When you start talking about the consumerization of technology, then things like privacy and security. And accessibility is a must, too. It’s not a “nice to have” because human beings care about their privacy, care about security, care about accessibility, and you already see that this kind of focus on what I call the “human first topic” is emerging. The latest survey from Deloitte indicates that 73% of board members now think about workforce DEI as a key topic. But we’re at the beginning of this.
The Business Imperative for Inclusion
For the first time, we’re seeing that not just price or revenue matters to the C-suite. People and purpose also matter. We have to celebrate because the business is beginning to recognize accessibility is something they have to do.
The biggest CEOs like Jamie Dimon at JP Morgan Chase and Larry Fink at BlackRock are talking about inclusion being very important. BlackRock is the biggest investment community in terms of billions of dollars. Other CEOs are listening to them.
Then there’s Davos World Economic Forum. People go to WEF to talk about the future of the world, society, and technology. Caroline Casey went there and garnered the top companies around the world. She created the Valuable 500, which is the big companies like Microsoft, IBM, Accenture, and Unilever taking a pledge to focus on hiring people with disabilities.
The critic will say that this is performative. But this is the beginning. The Valuable 500 is creating a movement. Accessibility is also entering the mainstream press. Forbes and The New York Times have taken steps to focus on accessibility. The C-suite tends to respond more to the mainstream press.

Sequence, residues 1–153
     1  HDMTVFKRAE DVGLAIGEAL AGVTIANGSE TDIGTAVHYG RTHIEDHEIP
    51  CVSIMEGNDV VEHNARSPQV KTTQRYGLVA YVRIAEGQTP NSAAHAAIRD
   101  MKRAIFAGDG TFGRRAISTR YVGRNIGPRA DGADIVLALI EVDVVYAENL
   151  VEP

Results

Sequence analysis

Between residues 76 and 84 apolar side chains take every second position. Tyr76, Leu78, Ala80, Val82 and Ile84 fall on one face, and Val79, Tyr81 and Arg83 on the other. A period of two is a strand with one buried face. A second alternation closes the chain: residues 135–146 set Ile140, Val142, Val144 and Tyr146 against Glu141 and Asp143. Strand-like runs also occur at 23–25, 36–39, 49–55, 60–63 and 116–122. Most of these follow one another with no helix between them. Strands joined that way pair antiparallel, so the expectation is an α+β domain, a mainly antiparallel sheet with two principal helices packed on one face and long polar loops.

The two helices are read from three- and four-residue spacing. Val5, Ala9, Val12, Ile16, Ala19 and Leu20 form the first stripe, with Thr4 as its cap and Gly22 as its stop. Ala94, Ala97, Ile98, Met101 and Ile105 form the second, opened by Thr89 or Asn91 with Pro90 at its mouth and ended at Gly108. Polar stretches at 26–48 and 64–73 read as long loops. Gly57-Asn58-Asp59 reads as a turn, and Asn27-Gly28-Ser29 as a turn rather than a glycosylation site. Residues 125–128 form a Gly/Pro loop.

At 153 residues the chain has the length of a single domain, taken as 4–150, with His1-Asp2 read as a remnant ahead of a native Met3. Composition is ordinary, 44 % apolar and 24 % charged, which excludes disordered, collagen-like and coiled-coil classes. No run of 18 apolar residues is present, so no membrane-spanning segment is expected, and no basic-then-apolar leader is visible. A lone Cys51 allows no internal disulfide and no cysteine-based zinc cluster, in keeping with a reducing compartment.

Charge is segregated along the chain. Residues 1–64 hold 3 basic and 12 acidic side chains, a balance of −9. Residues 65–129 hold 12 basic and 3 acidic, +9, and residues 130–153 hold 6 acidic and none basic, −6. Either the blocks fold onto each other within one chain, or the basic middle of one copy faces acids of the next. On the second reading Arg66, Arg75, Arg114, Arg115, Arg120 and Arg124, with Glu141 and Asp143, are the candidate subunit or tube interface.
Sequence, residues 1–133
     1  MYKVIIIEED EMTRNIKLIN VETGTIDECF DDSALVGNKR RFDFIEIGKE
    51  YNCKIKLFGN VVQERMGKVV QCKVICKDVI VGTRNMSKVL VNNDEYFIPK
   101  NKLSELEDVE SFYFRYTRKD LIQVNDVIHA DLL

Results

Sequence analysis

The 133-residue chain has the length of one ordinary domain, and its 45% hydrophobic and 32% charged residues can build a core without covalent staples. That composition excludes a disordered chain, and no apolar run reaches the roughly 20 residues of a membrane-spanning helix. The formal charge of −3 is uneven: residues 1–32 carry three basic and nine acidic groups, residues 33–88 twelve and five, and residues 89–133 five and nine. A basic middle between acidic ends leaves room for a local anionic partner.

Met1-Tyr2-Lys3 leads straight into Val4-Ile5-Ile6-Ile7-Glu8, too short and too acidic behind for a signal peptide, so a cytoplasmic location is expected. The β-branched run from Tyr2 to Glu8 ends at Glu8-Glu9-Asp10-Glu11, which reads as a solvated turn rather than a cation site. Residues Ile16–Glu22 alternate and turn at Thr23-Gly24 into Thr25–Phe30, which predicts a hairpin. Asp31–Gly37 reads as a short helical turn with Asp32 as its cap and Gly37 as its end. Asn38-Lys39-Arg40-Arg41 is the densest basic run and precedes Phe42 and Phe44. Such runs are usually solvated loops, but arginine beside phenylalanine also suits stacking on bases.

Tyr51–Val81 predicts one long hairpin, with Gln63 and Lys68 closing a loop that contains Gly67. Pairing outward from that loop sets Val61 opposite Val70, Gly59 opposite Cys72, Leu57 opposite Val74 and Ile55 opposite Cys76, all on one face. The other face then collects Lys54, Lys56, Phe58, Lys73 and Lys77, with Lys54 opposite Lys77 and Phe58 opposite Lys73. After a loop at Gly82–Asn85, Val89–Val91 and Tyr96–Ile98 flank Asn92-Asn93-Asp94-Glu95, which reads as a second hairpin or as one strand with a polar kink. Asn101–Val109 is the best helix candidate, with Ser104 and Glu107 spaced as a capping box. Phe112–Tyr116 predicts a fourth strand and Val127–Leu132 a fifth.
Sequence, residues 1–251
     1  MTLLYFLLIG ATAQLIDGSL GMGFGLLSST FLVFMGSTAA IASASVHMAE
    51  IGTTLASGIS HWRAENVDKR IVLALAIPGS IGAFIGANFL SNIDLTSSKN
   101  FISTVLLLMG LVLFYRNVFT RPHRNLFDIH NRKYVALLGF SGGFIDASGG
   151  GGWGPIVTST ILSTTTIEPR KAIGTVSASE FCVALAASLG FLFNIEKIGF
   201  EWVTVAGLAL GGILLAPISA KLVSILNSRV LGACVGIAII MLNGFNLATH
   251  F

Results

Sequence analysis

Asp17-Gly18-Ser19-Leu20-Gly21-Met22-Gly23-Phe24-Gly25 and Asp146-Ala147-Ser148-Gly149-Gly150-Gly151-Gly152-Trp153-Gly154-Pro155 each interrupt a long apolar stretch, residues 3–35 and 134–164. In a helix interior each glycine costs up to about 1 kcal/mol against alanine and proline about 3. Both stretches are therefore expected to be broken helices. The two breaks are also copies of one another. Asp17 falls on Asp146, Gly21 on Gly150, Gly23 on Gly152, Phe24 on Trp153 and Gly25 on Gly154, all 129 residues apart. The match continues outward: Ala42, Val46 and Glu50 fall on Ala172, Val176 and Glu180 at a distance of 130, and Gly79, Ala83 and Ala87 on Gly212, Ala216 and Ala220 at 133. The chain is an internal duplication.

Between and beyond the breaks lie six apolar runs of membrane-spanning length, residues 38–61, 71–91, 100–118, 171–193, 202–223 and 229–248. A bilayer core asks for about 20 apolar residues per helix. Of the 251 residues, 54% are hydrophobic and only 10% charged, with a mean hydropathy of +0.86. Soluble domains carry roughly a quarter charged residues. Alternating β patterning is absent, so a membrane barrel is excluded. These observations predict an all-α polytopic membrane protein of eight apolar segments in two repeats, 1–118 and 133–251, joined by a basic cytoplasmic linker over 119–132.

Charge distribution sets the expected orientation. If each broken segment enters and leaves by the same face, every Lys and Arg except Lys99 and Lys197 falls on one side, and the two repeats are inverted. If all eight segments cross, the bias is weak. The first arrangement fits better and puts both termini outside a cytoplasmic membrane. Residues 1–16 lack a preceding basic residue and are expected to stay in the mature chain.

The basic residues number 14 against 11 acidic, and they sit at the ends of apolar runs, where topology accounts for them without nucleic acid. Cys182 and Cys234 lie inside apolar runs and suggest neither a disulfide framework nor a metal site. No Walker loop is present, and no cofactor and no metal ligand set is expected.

This all leads to that when I talk to business, government business, nonprofit business, or general business, you know what I try to advise these C-suiters is that you have to understand that, if you are talking about innovation, which everybody talks about, they want to differentiate, then you must recognize and understand that diversity is the difference maker.
Moving Beyond Talking About Inclusion
I can tell you because of my background because I’m different, I look at the problem differently. I solve the problem differently. So, each one of you brings a unique perspective. If you have the homogeneous same kind of people or background, you’re not going to have the breakout creativity.
I also challenge them that talking about inclusion’s not going to be good enough. You have got to operationalize it. When I say operationalize, that means you need to have a process, you need to have a procedure, you need to have governance, and to make it an enterprise-wide or company-wide initiative, not a one-off thing.
You have to think about this as if your future depends on it as a strategic imperative. If you think about it as compliance, just checking the box, in some cases don’t even bother, because your customer, your employee will notice that. That’s why my book title is Authentic Inclusion Drives Disruptive Innovation, and the keyword is authenticity.
Authentic Inclusion(TM) 6-E Strategy Framework
I use the 6-E framework with some of my strategy advisory work.
- Embrace: Do the CEO and senior board members embrace the idea of digital inclusion?
- Envision: Can you envision this? What does it translate into a strategy for your company?
- Enact: Now that you translate it into strategy, can you enact it by creating processes and governance policies to sustain it?